Judas and the Black Messiah

An extremely well-made, well-acted and tense film telling the true story of how the FBI suborned a minor black criminal to infiltrate and inform on the Black Panthers in late 1960s Chicago.

The Black Panthers had been formed in California in 1966 by college students Bobby Seale and Huey P Newton.  Though revolutionary socialist in ideology, they were not nihilists.  They advocated and practiced the open carrying of firearms, but this, they said, was to protect black citizens from police brutality.  With a black pride agenda bolstered by social programs such as free food outlets and health programs for the poor, they enjoyed widespread support in black urban communities, which gradually waned over the course of the early seventies due to an increasing resort to criminal activities such as extortion from local merchants, and the advocacy of violence – often against each other – by leaders such as Newton, Eldridge Cleaver and Malcolm X.

When several police officers were killed in gun battles with the Panthers, J Edgar Hoover declared them ‘the greatest threat to the internal security of the country’, which set in train the events depicted in the movie.

At the time the story is set, 1969, the Panthers in Chicago were still very popular thanks to the charismatic and idealistic leadership of Fred Hampton, played by Daniel Kaluuya.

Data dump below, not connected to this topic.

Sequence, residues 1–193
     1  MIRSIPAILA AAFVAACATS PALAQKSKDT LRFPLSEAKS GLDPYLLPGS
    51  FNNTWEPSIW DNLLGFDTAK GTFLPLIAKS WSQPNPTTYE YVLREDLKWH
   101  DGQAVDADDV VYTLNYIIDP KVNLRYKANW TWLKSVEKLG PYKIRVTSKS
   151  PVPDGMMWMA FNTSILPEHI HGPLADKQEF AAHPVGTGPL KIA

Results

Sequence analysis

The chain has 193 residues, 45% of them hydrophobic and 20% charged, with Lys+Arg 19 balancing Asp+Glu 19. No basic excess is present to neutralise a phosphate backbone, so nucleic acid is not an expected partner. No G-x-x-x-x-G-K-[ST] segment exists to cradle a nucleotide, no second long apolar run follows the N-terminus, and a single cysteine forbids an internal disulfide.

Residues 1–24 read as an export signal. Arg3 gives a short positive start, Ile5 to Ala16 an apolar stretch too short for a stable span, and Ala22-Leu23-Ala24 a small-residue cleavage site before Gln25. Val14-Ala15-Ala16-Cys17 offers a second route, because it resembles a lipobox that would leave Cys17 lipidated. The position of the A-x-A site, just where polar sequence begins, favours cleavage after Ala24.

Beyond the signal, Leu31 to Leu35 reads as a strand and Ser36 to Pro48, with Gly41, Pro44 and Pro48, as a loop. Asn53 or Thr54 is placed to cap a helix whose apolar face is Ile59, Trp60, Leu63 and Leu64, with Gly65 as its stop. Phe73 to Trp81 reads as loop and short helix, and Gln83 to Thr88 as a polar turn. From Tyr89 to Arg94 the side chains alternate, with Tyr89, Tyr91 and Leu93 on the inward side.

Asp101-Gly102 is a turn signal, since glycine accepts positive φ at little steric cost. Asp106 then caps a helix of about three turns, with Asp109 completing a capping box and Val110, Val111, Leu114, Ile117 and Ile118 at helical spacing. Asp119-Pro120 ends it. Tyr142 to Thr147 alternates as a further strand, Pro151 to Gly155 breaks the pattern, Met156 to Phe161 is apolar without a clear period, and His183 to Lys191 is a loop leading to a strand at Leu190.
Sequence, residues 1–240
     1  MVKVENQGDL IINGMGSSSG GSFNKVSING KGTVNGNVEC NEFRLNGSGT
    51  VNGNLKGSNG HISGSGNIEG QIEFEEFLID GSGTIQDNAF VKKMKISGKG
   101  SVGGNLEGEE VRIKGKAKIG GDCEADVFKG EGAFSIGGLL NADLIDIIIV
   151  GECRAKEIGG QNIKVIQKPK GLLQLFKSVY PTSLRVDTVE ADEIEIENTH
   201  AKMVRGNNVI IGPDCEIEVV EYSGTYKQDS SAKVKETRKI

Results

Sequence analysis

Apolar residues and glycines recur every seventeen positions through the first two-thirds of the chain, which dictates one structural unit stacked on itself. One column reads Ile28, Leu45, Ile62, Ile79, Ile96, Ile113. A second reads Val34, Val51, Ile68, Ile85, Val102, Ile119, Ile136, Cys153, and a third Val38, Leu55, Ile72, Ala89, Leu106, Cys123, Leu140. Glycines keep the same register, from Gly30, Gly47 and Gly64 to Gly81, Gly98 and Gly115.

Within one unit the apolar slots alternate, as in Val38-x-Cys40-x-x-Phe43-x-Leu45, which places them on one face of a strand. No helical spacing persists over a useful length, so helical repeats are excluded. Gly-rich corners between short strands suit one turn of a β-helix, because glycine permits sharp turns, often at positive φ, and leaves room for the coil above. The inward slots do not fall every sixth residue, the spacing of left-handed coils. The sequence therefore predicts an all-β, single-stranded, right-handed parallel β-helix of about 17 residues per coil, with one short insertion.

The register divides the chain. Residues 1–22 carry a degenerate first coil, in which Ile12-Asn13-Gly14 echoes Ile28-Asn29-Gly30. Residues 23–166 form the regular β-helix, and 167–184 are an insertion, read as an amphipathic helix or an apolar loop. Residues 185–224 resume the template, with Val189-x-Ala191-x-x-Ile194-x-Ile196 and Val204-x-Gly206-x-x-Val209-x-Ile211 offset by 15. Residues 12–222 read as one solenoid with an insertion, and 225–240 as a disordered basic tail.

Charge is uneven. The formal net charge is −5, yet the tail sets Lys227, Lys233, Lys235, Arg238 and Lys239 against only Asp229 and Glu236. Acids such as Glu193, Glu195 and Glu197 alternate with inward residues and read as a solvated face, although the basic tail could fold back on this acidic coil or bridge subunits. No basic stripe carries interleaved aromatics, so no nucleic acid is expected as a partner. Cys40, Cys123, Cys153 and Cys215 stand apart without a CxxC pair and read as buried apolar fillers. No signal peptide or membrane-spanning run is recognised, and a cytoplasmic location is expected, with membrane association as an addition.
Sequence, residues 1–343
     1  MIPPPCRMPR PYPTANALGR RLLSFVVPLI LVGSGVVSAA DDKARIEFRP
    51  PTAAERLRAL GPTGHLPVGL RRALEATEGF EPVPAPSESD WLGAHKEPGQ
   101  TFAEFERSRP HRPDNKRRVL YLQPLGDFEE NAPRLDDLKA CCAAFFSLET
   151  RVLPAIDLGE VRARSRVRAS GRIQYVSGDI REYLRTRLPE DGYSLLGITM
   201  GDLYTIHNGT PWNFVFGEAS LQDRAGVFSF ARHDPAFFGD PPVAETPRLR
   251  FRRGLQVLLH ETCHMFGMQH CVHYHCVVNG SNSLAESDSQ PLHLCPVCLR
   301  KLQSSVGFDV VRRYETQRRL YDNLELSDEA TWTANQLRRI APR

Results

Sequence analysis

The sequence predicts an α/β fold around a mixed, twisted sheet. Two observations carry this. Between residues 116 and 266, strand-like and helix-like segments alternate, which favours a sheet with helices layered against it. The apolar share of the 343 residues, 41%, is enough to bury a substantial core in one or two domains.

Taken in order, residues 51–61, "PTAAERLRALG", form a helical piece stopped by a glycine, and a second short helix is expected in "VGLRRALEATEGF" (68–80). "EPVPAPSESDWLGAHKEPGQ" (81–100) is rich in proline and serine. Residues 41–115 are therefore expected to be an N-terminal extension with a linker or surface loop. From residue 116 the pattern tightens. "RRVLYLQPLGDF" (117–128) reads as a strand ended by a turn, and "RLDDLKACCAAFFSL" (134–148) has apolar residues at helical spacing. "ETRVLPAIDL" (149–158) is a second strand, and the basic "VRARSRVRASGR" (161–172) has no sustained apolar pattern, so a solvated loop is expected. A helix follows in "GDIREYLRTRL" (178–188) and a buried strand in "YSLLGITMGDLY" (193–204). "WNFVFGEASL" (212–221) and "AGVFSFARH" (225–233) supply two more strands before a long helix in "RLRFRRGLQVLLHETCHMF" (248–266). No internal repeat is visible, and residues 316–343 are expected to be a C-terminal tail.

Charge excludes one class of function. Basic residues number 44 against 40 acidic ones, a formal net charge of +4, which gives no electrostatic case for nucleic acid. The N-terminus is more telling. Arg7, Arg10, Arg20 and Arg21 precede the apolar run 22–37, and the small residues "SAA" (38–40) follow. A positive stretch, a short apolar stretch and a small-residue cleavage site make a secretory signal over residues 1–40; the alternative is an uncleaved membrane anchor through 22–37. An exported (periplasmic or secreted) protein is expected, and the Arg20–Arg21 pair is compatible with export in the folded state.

Lakeith Stanfield plays William ‘Bill’ O’Neal, the petty car thief recruited by FBI agent Roy Mitchell (blond, square-jawed Jesse Plemons) to infiltrate the Panthers and get close to Hampton, which he does, rising to become Hampton’s right-hand man. 

One of the many things I liked about this movie is that it does not stereotype or demonise the characters – an admirable outcome in this era of red-hot BLM racial politics.  Hampton is portrayed sympathetically but so is agent Mitchell, O’Neal’s handler, who comes across as a straight-shooting, somewhat naive cop who genuinely believes in law and order and the redeeming power of friendship.  He even invites O’Neal into his nice white middle-class home for dinner. 

In the end they both become victims of the duplicitous and pitiless FBI quest to destroy Hampton, and the movie rightly doesn’t stint on telling this part of the story like it is.

Both Stanfield and Kaluuya have been nominated for Best Supporting Actor Oscars, but if I had to choose between them I’d give it to Kaluuya, who manages to nail the accent and attitude of a streetwise black Chicago tough guy, when he was actually born and raised on a council estate in Camden Town in London.  In fact I don’t know why he isn’t up there among the Best Actor nominees.